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n Stellenbosch Law Review = Stellenbosch Regstydskrif - The discretion of courts in encroachment disputes
[Discussion of Phillips v South African National Parks Board (4035/07)  ZAECGHC 27 (22 April 2010)]
The main focus of this note is Phillips v South African National Parks Board (4035/07)  ZAECGHC 27 (22 April 2010) SAFLII http://www.saflii.org/za/cases/ZAECGHC/2010/27.html (accessed 13-06-2012), which was a case dealing with the erection of a fence that encroached on the applicant's property. The note explores the current way that courts deal with encroachment disputes in light of the Phillips judgment. This judgment correctly confirms that courts assume the existence of a wide discretion to replace injunctive relief (or mandatory interdicts) with compensatory awards; it illustrates how the discretion will be exercised in order to reach a just and equitable outcome and lays open the possible constitutional implications that may be triggered if encroachments are not ordered to be removed.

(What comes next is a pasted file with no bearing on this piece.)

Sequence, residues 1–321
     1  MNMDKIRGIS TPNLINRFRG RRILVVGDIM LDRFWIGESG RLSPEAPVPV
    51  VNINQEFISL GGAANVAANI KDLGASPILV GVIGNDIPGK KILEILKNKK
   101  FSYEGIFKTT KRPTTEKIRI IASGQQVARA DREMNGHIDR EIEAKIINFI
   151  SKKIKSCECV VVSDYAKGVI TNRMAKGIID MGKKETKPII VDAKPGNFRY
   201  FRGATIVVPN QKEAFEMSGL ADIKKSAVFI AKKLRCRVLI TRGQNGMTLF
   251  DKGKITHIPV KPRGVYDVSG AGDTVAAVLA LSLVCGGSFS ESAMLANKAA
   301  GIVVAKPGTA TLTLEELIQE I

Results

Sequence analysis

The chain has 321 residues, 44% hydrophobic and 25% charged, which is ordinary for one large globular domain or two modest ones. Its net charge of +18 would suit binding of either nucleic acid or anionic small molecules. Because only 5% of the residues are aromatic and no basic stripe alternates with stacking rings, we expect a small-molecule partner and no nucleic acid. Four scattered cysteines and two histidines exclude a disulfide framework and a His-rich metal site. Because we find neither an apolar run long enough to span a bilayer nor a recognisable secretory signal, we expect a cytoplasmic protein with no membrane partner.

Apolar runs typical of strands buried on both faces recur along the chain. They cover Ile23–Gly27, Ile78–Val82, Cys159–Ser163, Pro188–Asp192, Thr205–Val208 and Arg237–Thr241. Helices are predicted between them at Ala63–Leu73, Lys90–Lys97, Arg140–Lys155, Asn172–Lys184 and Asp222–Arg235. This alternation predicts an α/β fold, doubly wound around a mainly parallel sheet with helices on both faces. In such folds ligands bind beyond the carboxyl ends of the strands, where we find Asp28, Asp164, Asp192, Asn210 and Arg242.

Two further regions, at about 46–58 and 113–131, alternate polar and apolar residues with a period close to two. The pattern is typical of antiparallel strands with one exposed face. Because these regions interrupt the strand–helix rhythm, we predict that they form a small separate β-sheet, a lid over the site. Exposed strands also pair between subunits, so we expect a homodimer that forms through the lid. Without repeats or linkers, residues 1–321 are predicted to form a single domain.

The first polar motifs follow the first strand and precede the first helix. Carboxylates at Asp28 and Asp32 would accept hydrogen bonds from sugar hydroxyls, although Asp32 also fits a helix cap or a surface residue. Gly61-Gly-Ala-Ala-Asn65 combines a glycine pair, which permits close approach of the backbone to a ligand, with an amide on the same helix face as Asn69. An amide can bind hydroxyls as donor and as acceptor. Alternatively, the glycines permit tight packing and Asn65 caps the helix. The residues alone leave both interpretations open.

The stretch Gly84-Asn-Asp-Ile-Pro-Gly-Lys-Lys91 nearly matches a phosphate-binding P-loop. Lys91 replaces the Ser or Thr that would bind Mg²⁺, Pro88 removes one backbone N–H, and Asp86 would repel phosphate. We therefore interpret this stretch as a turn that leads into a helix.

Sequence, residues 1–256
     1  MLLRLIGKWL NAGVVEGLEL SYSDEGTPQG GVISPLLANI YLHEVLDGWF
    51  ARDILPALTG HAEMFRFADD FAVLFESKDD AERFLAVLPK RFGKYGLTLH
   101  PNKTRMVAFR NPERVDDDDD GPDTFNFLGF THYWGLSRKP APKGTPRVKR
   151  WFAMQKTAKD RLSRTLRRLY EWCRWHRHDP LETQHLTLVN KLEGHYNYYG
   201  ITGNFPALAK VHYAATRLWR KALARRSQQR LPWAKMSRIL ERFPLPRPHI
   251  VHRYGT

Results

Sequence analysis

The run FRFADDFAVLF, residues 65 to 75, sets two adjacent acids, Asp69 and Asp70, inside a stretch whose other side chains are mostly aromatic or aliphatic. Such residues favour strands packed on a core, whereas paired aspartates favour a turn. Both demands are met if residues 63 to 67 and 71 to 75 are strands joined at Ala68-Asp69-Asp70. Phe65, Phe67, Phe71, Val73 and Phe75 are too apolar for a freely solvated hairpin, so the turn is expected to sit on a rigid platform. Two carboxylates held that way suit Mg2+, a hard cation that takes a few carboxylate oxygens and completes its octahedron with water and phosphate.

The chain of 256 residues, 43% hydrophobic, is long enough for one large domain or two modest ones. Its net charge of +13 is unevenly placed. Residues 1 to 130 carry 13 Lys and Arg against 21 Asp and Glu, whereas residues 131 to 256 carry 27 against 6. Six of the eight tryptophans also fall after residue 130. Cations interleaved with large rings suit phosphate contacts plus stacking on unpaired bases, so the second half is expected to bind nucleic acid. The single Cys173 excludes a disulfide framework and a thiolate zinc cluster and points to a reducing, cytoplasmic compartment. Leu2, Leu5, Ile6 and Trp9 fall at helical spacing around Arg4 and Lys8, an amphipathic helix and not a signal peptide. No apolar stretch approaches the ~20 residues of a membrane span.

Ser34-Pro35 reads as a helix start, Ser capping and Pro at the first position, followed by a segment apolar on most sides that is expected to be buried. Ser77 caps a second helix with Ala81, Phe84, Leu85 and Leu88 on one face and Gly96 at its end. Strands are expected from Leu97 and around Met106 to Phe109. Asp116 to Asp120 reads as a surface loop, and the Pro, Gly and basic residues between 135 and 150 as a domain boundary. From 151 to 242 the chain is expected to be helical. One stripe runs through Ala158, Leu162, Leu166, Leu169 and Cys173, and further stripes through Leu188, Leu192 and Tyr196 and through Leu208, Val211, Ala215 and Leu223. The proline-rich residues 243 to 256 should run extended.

What is problematic in this case is that the court considered the possibility of ordering transfer of the land to the affected landowner. If a court exercises its discretion in favour of leaving the encroachment in place and additionally orders that the encroached-upon land be transferred to the encroacher, this court order sanctions an involuntary transfer of the affected property. The loss of property or property rights needs to comply with section 25 of the Constitution of the Republic of South Africa, 1996. The crucial concern in this case is whether the common law actually authorises such a court order that results in the deprivation. However, the possible constitutional problem that may have been created by an order for transfer of the affected land was avoided because the court ordered in terms of its discretion that the encroachment be removed. It should be noted, though, that the court's remarks concerning the transfer order were made purely on the basis of the balance of prejudice and not on any constitutional principle. To my mind, the possibility of constitutional infringement may very well have arisen if the balance of prejudice favoured the encroacher and therefore the issue needs to be considered.
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